Michigan Sea Grant and Michigan State University Extension serve in providing leadership for the NEMIGLSI network, which is part of a larger, statewide network and partnership, the Great Lakes Stewardship Initiative (GLSI). Established in 2007 with funding from the Great Lakes Fishery Trust, the GLSI supports place-based stewardship education in schools and communities across Michigan. Partnerships are invaluable in our endeavor to support stewardship of our Great Lakes and natural resources. Through the NEMIGLSI network, and applied place-based education strategies, our educator partners are addressing critical Great Lakes issues.
The 2018 theme is #SanctuariesAre
Develop a film explaining what Sanctuaries mean to you.
The Thunder Bay International Film Festival (TBIFF) is an annual celebration of ocean and Great Lakes inspired films produced in partnership with the San Francisco Ocean Film Festival.
As part of Thunder Bay International Film Festival, the NEMIGLSI network and Friend’s of Thunder Bay National Marine Sanctuary host a STUDENT FILM COMPETITION. Students (Kindergarten-12th grade) are eligible to enter individually or as a team, and there is NO entry fee for the competition.
Mid-Michigan’s 2017 storm reminiscent of the 1986 Great Flood.
On June 22 and 23, 2017 mid-Michigan was hit by a large rain event. The storm dropped 7.29 inches of rain in Mount Pleasant, 6 inches in Midland, and 3.08 inches in Bay City.
Pictures of damage in Bay, Isabella, Saginaw, and Midland counties show flooded roads, washed out culverts, damaged bridges, flooded homes, businesses, and flooded agricultural fields. Bay, Isabella and Midland counties were declared states of emergency allowing them to receive help from the state. The damages from this storm are as yet, unknown, but the 1986 Flood in the Saginaw Bay area caused about $500 million in damages.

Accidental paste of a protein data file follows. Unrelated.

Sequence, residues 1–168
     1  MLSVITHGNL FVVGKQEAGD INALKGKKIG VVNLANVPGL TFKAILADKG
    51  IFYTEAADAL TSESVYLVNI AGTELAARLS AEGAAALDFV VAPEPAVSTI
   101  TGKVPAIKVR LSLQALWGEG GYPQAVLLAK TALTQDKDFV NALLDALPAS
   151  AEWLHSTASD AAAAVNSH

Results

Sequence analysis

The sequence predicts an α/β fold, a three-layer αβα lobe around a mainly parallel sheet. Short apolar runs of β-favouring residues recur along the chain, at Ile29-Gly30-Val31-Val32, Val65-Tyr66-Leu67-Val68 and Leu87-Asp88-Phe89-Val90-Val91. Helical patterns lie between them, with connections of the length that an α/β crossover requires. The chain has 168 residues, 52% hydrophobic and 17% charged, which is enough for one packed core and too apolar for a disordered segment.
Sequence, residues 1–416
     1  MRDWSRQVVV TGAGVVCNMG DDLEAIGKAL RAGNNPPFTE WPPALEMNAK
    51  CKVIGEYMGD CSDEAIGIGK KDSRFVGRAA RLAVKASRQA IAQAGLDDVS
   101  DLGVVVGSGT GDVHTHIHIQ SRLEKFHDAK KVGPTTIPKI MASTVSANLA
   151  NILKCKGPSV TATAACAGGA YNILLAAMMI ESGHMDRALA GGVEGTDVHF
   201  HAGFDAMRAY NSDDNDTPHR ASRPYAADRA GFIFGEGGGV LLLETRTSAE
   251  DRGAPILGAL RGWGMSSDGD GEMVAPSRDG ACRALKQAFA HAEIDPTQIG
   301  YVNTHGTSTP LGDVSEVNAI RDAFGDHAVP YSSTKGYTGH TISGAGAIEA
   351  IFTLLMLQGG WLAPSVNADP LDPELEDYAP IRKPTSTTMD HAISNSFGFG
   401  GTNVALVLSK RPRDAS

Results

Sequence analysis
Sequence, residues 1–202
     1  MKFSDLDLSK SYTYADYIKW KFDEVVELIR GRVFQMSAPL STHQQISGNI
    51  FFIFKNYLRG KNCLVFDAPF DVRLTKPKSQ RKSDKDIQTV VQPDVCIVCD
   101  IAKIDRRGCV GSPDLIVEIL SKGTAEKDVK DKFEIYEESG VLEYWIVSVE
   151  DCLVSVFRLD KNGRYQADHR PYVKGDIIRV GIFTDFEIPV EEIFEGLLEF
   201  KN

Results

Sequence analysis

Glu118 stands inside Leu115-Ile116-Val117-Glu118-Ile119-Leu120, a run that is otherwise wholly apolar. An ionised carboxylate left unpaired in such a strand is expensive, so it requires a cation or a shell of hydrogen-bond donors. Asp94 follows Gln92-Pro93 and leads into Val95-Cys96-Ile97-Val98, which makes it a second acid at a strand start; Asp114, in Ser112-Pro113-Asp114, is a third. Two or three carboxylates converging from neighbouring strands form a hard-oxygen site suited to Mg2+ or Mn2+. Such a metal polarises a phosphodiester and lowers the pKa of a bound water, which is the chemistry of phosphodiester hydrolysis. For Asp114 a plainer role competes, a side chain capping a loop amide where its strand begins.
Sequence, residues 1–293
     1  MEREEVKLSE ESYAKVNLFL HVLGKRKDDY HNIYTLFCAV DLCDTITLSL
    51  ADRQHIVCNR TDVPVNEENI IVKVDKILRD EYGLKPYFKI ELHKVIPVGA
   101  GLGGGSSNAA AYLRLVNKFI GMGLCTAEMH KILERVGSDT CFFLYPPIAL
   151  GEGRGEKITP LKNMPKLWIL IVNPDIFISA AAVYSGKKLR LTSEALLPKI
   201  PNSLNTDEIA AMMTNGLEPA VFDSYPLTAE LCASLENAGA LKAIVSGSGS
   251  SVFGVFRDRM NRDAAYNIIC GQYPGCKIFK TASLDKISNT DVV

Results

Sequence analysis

Michigan Sea Grant and its partners have been working on a project to bring heightened awareness of extreme storms and to provide information to communities on preparing for such storms. While these suggestions are too late to help with this severe storm, there are actions communities might consider for the future in order to lessen the effects of extreme storms.
One of the crucial functions of a wetland area is to hold excess water during storm events and let it go slowly, usually through evaporation or flowing down into the ground water table. Wetlands can hold a lot of water and that can mitigate storm impacts. This Michigan Department of Environmental Quality Wetlands Map Viewer helps identify wetland areas around the state.
Many developments are designed with hard materials that rain quickly runs off from and into rivers and combined storm sewers. One way to help mitigate the impact of extreme storms is to hold water on our properties in productive ways, sort of like wetlands. Rain gardens, bioswales (similar to rain gardens but designed to handle a larger amount of water), permeable pavers, green roofs, and green spaces are all ways that communities can help hold back water and reduce runoff. The Environmental Protection Agency offers a website with information to developing green infrastructure.